RAYMOND – Raymond Central FFA was all about meeting goals, persistence and dedication this year, FFA Advisor Whitney Lehn said.
The COVID-19 pandemic created a complicated landscape for FFA competitions that resulted in a state convention that lasted about two weeks. Because of the pandemic, Central FFA dealt with several obstacles including online competitions, complicated scheduling and other challenges the team overcame, Lehn said.
The team learned of their state results on April 9 during the annual Alumni Article and Labor Auction at the high school. Central FFA had 16 members qualify for state and did not sign up for any non-qualifying competitions.
For individual prizes, eighth grader Sarah Lange was announced as the state champion in the Discovery Speaker competition and a blue ribbon in the Middle School Quiz Bowl, freshman Burke Settles received a blue ribbon in Ag Technology and Mechanics and freshman Ben Kliment was awarded a red ribbon in Junior Livestock Evaluation.
For team competitions, the Parliamentary Procedure team made up of senior Mallory Hughes, senior Ellie Hula, sophomore Heather Lange, sophomore Barrett Walahoski, freshman Braelyn Christensen and freshman Burke Settles received second place in state.
The food science team received eighth place and Lange was awarded a blue ribbon and freshman Leslie Bos received a red ribbon for the competition. The chapter also received a Governor’s Excellence award which will result in a new banner hung in the hallway near their room.
Heather Lange was president for parliamentary procedure and it was her first year in this event. Lange said this win has motivated her and the team to do better next year.
“It makes me want to do even better next year because being virtual we don’t really get to experience the entire state convention – an actual state convention,” Lange said. “Since we did make finals, it would be in front of a lot of people. That’s something that I want and so it’s going to force me to work even harder next year and hopefully shoot for like first place.”
If they do make first place in 2022, they would qualify for the national convention and compete against FFA chapters across the state. Seniors Mallory Hughes and Ellie Hula also competed on the parliamentary procedure team and found it was difficult to even practice and compete due to being online.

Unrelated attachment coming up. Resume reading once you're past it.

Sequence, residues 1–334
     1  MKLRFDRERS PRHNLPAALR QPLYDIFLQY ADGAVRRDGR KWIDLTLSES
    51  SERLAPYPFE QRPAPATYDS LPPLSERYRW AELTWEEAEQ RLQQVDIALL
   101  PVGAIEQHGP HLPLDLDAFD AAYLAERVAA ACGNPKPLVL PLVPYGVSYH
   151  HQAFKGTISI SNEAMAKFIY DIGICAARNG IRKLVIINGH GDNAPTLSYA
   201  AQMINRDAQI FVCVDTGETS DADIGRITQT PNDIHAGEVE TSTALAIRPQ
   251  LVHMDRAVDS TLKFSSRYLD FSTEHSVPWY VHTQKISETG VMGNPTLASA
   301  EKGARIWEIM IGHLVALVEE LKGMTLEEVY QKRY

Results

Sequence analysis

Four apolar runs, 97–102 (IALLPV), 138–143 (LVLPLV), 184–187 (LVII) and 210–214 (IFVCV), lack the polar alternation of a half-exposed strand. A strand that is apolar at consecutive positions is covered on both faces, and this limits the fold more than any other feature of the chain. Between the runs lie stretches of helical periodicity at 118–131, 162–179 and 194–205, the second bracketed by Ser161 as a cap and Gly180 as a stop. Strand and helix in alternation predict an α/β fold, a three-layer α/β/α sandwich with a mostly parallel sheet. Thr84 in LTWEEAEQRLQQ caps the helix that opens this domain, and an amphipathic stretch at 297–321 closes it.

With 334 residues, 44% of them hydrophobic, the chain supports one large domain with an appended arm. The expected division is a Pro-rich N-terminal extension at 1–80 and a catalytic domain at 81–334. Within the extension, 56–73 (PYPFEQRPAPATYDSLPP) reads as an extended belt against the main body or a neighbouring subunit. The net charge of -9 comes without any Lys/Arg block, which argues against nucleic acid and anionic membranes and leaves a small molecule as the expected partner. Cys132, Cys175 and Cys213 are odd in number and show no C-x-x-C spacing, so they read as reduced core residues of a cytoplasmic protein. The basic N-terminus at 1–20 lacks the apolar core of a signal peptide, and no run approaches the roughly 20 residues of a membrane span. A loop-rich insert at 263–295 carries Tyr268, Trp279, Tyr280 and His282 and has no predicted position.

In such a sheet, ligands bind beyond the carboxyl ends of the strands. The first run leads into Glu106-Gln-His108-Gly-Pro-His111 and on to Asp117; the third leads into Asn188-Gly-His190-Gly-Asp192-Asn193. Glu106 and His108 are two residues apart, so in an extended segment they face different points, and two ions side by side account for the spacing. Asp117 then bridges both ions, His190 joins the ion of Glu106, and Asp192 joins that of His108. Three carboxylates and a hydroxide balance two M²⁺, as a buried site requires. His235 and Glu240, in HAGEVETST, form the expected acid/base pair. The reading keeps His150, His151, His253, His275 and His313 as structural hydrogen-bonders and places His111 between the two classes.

Despite these challenges, Hula and Hughes both gained a lot from the experience.
“I feel like it benefited because it taught me how to overcome challenges,” Hula said.
“I think it’s made me a lot more grateful for FFA and like being able to do these things like compete,” Hughes said.
Lehn said Central FFA hadn’t been up in the top two in awhile so it was great to see the success for her students to make the finals. Their goal was to win gold, but instead they made finals which meant realigning their goals for the finals.
Initially, Lehn said the team wanted to shoot for third place. Lehn had other thoughts.
“You just made top two in your room,” Lehn said. “Set your goals a little bit higher. Each goal you guys have made you have accomplished and surpassed. Let’s go for it.”
They then changed the goals to the top two in finals which they achieved.
Between learning about dedication and goal-making, Lehn said the chapter learned a lot about perseverance.
“There’s a lot of people that probably would have quit before we got to where we did,” Lehn said. These guys just kept persevering and they kept making harder goals for themselves and pushing themselves.”
While Lehn won’t be returning as the FFA advisor to spend more time with her family, she recognizes that the team, mostly made up of freshmen and sophomores, has a bright future ahead of them.